However, these facts prompt important questions. Why is it that the Government recognised the value of early years education only after they asked staff to go on the frontline? Why has almost every other frontline worker been promised early vaccination except for these vital members of staff? Last week, I tabled a written question asking the Minister to prioritise early years staff in the vaccination effort. She wrote back, saying:
“advise that the first priorities for the covid-19 vaccination programme should be prevention of mortality and the maintenance of the health and social care systems. As the risks of mortality from covid-19 increase with age, prioritisation is primarily based on age. Regarding the next phase of vaccine roll-out, JCVI have asked that the Department of Health and Social Care consider occupational vaccination, in collaboration with other Government Departments. The Department for Education inputs into this cross-governmental exercise and I hope that educational staff, including those in early years settings, will be vaccinated as soon as possible.”
In short, there is no saying when, or if, these members of staff will receive the vaccine. It has been clearly stated by respondents to my survey that the urgent need for the vaccine for frontline early years staff is of paramount concern. Those members of staff need a firm commitment to and a timeline for vaccination. Asking them to wait for the outcome of a cross-governmental exercise is simply not good enough.
Yesterday, less than 24 hours ago, I stood here in Westminster Hall and spoke in a debate before Steve Brine, but I think that we were of one mind in advocating a 24-hour vaccination programme. I repeat this call now. There are very few early years staff who I have heard from—as I said, there have been 748 responses to my survey—who would not go for a vaccination out of hours to ensure that they were protected from the virus. If we cannot provide 24-hour vaccination, it would not be morally defensible to ask staff to go to work when they do not feel safe.
The second thing that early years staff and providers, as well as parents, need from the Government if early years settings are to remain open is clear guidelines, and measures to ensure that those guidelines are being met. The working environments on which people are reporting back to me are patchy. Many early years settings have ensured that they have small bubbles and good safety procedures, but I am also hearing worrying reports of bubbles of up to 40 children, and very little protection for staff. PPE must be made available for all staff in early years settings and mask-wearing must be a requirement for every parent or other visitor to such settings.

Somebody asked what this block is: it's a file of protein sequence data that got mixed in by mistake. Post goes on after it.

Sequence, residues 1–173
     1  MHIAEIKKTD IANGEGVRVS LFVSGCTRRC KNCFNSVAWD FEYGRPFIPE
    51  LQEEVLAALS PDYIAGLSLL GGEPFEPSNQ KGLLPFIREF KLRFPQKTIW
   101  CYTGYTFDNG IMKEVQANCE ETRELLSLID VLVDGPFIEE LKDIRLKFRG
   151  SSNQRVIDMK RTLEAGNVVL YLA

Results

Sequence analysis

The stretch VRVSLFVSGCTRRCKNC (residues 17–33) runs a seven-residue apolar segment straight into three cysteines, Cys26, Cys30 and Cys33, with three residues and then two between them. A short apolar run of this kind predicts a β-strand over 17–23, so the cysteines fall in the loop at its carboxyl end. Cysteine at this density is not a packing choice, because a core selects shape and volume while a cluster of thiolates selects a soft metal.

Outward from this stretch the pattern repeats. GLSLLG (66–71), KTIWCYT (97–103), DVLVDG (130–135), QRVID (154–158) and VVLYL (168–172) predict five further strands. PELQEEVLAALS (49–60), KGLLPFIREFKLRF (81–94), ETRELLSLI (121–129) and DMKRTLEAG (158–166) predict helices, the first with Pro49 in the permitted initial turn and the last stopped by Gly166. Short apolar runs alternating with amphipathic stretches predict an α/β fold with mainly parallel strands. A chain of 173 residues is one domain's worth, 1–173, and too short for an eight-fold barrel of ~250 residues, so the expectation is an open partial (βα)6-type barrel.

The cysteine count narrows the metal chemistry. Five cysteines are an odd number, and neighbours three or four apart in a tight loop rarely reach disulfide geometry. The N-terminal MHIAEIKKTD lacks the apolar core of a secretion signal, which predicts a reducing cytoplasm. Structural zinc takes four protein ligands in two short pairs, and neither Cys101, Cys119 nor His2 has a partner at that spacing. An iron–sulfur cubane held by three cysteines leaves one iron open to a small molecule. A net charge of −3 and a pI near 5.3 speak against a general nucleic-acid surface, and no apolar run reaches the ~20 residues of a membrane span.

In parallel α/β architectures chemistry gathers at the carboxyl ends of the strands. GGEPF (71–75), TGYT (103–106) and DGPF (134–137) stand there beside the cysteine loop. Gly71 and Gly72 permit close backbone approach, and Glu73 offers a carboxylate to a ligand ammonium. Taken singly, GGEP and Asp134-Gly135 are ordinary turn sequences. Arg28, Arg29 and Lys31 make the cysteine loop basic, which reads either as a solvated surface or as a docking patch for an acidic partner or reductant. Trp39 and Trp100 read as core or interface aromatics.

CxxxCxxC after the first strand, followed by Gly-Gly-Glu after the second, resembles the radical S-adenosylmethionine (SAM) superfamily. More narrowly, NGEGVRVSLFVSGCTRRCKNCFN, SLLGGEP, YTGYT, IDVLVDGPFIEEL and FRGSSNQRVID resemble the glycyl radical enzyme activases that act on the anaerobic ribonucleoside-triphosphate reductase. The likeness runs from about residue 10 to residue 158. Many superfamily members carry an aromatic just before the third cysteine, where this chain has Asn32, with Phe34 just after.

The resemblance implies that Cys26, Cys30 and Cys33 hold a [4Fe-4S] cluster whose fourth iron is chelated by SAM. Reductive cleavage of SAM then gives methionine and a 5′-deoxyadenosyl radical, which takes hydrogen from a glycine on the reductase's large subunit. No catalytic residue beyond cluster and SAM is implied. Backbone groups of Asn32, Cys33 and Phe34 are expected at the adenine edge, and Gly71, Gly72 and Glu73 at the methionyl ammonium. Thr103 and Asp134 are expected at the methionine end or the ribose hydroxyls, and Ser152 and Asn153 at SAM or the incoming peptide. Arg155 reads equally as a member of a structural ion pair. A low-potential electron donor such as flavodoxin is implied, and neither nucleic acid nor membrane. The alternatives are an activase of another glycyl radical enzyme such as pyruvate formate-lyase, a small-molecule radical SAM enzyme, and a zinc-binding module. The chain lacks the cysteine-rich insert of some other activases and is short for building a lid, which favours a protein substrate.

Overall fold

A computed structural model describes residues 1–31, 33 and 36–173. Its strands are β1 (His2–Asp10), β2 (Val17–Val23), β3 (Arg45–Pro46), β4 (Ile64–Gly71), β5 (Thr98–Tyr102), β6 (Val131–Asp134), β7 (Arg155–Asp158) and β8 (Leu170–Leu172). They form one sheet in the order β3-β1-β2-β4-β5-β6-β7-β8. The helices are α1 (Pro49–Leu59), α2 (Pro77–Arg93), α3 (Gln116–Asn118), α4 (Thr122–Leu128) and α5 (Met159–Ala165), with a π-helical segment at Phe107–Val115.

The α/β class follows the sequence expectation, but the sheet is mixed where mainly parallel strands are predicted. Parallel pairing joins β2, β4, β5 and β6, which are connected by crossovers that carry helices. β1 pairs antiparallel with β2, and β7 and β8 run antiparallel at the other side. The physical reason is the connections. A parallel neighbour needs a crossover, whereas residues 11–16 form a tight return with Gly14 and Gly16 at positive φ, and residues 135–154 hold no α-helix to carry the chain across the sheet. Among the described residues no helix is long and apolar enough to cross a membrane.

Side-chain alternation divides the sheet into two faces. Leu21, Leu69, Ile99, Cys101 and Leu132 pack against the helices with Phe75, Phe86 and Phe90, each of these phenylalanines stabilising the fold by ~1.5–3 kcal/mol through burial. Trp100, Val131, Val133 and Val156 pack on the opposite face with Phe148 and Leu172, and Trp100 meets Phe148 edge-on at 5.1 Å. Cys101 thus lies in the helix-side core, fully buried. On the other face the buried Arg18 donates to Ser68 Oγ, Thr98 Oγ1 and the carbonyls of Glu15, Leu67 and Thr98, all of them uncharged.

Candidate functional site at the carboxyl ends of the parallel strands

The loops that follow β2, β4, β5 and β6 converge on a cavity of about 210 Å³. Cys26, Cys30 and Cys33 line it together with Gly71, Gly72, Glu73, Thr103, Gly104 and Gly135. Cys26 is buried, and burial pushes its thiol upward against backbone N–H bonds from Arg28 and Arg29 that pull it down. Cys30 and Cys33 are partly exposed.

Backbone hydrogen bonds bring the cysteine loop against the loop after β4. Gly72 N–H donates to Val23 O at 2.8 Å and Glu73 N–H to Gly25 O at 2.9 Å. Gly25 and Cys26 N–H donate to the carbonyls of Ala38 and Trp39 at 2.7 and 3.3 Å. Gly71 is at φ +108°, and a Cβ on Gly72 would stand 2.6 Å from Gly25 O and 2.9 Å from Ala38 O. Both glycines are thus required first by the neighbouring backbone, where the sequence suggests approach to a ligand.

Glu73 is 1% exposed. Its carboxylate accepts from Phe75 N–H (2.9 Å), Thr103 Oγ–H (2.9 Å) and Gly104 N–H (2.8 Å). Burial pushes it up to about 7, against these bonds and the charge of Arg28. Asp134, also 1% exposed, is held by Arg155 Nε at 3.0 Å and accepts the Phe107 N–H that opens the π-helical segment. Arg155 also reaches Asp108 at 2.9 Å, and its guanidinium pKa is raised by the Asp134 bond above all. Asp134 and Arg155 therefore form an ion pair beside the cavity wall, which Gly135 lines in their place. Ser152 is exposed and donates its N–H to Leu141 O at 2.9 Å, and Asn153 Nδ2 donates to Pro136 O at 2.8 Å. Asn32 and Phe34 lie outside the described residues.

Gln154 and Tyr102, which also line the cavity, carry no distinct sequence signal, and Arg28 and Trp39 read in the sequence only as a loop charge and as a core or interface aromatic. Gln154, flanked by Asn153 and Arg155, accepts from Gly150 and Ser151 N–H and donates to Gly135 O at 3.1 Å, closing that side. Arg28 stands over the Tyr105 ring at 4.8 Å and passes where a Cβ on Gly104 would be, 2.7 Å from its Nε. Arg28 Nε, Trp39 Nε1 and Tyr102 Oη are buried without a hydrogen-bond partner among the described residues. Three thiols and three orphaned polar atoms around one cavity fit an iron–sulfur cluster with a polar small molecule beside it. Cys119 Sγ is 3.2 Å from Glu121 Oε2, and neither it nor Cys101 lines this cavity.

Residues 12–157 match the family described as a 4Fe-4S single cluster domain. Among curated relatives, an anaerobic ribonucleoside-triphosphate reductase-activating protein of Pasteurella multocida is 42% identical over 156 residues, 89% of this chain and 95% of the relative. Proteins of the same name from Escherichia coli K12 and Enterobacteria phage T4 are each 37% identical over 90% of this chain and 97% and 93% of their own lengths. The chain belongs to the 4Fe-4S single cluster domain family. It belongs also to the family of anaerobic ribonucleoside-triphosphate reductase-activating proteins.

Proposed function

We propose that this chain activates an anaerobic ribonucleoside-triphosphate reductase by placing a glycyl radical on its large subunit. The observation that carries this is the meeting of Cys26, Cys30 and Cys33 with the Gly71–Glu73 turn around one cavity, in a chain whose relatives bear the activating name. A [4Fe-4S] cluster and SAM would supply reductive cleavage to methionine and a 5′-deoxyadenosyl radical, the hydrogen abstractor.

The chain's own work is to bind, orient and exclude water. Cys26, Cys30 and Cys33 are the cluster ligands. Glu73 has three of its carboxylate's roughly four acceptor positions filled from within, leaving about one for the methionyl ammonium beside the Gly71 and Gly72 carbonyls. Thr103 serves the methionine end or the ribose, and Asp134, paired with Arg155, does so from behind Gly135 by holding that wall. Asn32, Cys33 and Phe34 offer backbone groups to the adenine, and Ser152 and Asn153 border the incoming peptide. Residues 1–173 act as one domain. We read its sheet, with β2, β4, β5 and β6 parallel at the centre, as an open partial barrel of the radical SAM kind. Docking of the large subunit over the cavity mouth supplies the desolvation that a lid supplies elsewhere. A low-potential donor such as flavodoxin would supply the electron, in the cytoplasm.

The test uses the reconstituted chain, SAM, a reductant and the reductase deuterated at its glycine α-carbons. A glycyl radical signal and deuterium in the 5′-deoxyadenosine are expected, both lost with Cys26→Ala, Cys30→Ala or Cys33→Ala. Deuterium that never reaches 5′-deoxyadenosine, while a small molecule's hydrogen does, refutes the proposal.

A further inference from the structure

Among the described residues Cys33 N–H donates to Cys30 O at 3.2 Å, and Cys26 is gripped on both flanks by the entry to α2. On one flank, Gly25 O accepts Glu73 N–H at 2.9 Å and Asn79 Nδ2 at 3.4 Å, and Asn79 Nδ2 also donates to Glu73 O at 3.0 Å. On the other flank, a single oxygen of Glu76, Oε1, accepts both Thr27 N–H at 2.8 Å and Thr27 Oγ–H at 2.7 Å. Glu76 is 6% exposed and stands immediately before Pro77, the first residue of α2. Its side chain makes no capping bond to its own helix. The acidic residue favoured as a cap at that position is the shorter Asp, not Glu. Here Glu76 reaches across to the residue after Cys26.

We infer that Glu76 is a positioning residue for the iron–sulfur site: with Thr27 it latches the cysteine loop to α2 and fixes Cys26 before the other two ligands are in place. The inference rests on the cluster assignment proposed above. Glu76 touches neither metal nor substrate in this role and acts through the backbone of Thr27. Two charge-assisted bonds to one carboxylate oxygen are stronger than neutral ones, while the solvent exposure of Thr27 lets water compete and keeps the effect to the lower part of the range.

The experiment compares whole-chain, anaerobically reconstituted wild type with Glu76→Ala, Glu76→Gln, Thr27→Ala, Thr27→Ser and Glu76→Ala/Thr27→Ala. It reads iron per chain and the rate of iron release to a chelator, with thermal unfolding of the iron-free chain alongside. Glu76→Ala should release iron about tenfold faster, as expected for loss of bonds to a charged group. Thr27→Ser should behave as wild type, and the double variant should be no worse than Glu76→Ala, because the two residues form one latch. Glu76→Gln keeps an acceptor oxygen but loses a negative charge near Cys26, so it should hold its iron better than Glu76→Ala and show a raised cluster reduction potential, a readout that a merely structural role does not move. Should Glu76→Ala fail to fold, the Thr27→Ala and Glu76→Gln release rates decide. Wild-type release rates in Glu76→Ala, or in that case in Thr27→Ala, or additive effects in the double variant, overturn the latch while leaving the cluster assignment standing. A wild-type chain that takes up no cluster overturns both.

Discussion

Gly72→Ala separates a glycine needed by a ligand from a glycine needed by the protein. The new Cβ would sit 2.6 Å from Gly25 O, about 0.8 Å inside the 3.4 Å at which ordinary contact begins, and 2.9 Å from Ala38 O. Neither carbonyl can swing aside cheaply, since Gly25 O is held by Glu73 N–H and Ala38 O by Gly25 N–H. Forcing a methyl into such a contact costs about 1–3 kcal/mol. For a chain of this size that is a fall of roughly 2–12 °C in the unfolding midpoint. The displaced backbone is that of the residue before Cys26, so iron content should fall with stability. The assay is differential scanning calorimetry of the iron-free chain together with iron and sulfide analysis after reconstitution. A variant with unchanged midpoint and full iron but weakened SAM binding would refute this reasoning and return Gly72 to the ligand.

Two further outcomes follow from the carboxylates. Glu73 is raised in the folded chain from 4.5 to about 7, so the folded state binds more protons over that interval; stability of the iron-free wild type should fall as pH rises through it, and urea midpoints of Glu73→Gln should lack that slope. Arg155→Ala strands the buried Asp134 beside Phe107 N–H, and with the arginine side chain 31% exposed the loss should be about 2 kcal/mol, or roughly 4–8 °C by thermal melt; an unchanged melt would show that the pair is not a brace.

Thirdly, we need clarity about the risk. We need to understand the full science behind every Government decision, especially when asking people to work on the frontline. Many workers in childcare settings worry about the accuracy of information on early years contraction. After all, we know how difficult and unpleasant tests are to administer ourselves, let alone to a toddler with a temperature.
Finally and crucially, early years settings need a commitment on funding. In this year of all years, the funding of a setting should not depend on 2020 or 2021 attendance. Settings where parents have had to withdraw children to protect them and staff should not be punished or suffer financially. I want to underline the point made in a letter written by Leeds City Council to the Minister for Covid Vaccine Deployment. It calls for funding to be based on 2019 attendance, with a view to a sustainable, long-term funding model for the sector.
As Helen, a provider in my constituency, warns, many early years settings are already on a very tight budget and cannot afford to open with reduced numbers and income. There is a real possibility that many groups will be forced to close permanently. This is a question of value. We know how crucial early years settings are. We know how crucial the staff are. We cannot ask them to work in an environment where they simply do not feel safe. There does not have to be a binary choice between protecting staff on one hand and ensuring provision on the other.
If this crisis has taught us anything, it is that we cannot afford to undervalue our key workers and key institutions. We cannot wait until we are back in this place after another crisis. We must ensure the financial future for our early years settings and improve outcomes for staff, families and, most crucially, children.
I want to end with a quote from Nikki, a childcare provider in Leeds. She believes that, once it is safe to do so, we must all visit settings in our communities. She said:
“MPs need to listen to staff and owners when we say we need help, to listen to the voice of children and see first hand how hard staff work, with no regard for themselves, to ensure that children in our care are cared for, loved and reassured.”